Elvis Presley in an undated photograph at Ellis Auditorium in Memphis, probably 1956-1957. He appears to be wearing the same shoes, socks and ring he wore the night of his May 15, 1956 concert. (The Commercial Appeal) Back to slideshow navigation
  13. Down time at Graceland

    Elvis fingered an electric bass inside Graceland in this photograph published on March 7, 1965 in the first issue of Mid-South, the Sunday magazine of The Commercial Appeal. (Charles Nicholas  / The Commercial Appeal) Back to slideshow navigation
  14. Charitable efforts

    Elvis was always eager to help charities. Over the years he worked with many organizations, including the American Cancer Society, Salvation Army, Memphis Union Mission, Muscular Dystrophy, St. Jude and the March of Dimes. (Elvis Presley Enterprises Inc.) Back to slideshow navigation
  15. Sweet ride

    Elvis pictured in 1957 with one of his Cadillacs. (Elvis Presley Enterprises Inc.) Back to slideshow navigation
  16. Calling Memphis home

    Elvis outside Jim's Barber Shop on South Main Street in Memphis in 1956. On March 8, 1960, Elvis was quoted as saying, "Somebody asked me this morning what I missed about Memphis and I said everything." (Elvis Presley Enterprises Inc.) Back to slideshow navigation
  17. On the rise

    By the fall of 1955, Elvis had toured the South, including Texas and Florida, performed at the Grand Ole Opry and on "Louisiana Hayride," and recorded all of his Sun Studio songs. (William Speer / Elvis Presley Enterprises Inc.) Back to slideshow navigation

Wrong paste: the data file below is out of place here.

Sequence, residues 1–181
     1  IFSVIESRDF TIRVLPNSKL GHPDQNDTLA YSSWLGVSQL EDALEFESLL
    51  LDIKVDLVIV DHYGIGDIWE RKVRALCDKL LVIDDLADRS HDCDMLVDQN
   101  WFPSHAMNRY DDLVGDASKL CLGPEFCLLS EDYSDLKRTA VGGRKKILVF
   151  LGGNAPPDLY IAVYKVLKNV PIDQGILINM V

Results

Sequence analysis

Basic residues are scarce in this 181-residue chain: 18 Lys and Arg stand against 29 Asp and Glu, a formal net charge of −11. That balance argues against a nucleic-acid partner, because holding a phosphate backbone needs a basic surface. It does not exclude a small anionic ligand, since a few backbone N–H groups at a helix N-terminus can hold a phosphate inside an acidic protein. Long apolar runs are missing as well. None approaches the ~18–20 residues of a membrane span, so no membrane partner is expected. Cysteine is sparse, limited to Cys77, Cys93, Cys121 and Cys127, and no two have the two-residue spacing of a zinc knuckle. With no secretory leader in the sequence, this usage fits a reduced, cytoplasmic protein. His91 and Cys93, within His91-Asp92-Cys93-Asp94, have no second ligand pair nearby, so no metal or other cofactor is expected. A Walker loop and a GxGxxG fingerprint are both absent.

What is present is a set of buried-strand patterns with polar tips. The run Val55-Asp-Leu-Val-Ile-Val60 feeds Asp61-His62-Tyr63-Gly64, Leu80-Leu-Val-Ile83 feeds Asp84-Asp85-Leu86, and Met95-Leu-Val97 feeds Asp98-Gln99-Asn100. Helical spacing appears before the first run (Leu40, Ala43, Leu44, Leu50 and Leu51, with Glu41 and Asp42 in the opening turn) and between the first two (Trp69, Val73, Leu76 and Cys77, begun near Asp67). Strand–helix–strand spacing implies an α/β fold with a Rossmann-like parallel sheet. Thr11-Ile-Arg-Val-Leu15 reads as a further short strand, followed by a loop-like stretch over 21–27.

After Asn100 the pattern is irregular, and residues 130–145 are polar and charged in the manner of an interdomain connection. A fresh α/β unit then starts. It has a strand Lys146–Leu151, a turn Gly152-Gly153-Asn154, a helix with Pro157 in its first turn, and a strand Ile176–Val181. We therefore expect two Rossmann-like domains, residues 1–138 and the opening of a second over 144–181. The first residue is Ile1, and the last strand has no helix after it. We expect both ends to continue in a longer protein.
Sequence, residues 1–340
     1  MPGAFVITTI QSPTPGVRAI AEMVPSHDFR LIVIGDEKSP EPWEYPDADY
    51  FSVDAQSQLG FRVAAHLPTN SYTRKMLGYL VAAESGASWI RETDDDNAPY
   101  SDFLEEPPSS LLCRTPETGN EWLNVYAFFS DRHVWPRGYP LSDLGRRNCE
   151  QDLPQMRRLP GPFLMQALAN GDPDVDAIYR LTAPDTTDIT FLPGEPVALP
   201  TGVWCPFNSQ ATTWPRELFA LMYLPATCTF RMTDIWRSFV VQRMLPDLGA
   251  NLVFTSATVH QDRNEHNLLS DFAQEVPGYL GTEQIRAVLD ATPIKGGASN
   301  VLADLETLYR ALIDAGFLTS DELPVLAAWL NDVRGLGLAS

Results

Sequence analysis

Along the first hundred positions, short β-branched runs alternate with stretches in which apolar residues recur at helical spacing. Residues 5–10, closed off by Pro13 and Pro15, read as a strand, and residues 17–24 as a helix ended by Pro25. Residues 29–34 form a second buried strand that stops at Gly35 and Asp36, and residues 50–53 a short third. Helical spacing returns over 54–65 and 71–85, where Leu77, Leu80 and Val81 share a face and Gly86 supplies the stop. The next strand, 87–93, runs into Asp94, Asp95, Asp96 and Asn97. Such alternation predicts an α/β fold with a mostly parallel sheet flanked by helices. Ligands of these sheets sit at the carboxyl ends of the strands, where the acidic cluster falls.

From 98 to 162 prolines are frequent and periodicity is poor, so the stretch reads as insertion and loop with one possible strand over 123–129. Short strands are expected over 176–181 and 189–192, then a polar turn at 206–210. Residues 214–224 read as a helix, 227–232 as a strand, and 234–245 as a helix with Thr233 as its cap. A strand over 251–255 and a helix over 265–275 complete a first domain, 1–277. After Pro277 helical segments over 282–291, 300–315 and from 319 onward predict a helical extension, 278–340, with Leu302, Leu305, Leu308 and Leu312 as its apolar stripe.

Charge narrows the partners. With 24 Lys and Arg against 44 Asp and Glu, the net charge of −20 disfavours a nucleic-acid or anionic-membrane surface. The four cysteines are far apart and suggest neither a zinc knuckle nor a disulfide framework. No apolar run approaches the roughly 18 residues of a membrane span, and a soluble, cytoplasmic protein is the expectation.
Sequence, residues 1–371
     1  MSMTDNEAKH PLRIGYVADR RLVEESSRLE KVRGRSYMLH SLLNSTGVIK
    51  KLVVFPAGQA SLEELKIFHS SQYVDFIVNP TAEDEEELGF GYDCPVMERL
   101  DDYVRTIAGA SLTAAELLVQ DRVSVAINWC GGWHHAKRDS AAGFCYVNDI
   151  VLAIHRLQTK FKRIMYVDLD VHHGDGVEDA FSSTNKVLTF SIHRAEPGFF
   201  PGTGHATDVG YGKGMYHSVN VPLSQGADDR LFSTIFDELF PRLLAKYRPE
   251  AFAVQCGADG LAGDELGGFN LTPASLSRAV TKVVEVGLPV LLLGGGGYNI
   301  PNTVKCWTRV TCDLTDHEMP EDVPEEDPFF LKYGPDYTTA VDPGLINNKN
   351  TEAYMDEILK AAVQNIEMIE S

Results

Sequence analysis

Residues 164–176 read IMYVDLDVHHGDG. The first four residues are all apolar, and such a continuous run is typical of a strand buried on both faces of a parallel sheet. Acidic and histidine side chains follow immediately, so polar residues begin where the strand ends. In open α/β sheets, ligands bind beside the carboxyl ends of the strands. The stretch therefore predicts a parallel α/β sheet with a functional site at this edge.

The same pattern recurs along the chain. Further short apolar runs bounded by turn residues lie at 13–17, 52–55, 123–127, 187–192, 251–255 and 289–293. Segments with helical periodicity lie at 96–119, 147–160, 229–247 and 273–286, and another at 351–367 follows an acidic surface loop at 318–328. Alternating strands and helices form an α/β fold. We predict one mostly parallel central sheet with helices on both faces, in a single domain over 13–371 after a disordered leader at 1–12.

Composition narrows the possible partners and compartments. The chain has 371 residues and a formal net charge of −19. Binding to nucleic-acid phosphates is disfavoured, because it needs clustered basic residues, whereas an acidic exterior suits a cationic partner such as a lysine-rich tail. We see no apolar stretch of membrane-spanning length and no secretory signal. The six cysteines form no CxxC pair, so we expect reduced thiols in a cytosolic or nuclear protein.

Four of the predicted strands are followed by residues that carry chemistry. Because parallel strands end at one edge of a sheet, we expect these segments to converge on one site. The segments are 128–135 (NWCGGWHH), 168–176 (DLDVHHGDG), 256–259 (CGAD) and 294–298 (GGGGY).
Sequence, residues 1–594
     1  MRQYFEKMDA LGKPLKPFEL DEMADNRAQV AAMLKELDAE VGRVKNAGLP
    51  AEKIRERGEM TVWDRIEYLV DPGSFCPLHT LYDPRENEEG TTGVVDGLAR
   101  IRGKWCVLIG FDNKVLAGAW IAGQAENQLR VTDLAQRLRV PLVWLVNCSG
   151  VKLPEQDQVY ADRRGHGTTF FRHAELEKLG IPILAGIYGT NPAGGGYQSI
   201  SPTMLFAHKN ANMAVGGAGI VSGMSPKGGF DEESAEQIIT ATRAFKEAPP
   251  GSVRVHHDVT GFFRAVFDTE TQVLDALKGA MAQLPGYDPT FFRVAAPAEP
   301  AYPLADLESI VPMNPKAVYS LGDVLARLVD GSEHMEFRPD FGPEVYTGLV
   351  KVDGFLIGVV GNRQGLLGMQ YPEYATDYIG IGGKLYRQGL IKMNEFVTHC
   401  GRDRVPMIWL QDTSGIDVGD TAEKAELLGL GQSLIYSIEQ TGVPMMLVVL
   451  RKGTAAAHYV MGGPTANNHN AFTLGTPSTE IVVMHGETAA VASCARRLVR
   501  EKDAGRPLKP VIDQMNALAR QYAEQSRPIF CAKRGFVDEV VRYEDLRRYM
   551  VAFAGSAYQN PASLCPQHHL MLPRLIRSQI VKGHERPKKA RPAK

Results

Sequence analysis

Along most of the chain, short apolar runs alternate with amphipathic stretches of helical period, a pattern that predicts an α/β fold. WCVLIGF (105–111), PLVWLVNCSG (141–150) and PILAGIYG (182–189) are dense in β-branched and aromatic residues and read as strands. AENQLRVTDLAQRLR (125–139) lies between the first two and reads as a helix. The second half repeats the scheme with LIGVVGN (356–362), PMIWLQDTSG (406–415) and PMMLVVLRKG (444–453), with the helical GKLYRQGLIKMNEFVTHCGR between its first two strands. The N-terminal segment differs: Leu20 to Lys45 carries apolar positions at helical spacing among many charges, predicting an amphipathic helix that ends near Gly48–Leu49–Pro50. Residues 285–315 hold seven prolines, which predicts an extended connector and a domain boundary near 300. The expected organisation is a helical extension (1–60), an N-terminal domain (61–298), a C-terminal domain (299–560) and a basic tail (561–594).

18. Walking in Memphis

    Main Street was the busiest street in Memphis back in 1951. All the major department stores -- Goldsmith's, Bry's, Lowenstein's and Grant's -- were located there, along with the Chisca, Claridge and Gayoso hotels. Elvis worked as an usher at the Loew's State Theater on the right in 1950. (Memphis Heritage Inc. / Mrs. Don Newman) Back to slideshow navigation
  19. Favorite movie venue

    The Memphian theater, built in 1939, was located at 51 S. Cooper in Midtown and became Elvis' favorite place to screen movies. It was not uncommon for him, when he was home from tours, to spend virtually every night at the Memphian. (Courtesy Memphis Archives) Back to slideshow navigation
  20. From Tupelo to the big city

    The Presley family -- Vernon, Gladys and son Elvis -- strapped their few belongings on top of a 1939 Plymouth and drove from Tupelo to Memphis in 1948. This photograph shows an aerial view of downtown Memphis in 1948. (Robert W. Dye / "Elvis Presley's Memphis") Back to slideshow navigation
  21. On stage with the King

    Elvis performed at Russwood Park on July 4, 1956. Photographer Robert W. Dye had access most fans would have died for, watching the show on stage 10 feet from Elvis. Asked once about how he got to be on stage, Dye answered, "It was the only safe place to be. Those girls in the audience would mob you." (Robert W. Dye / Elvis Presley Enterprises Inc.) Back to slideshow navigation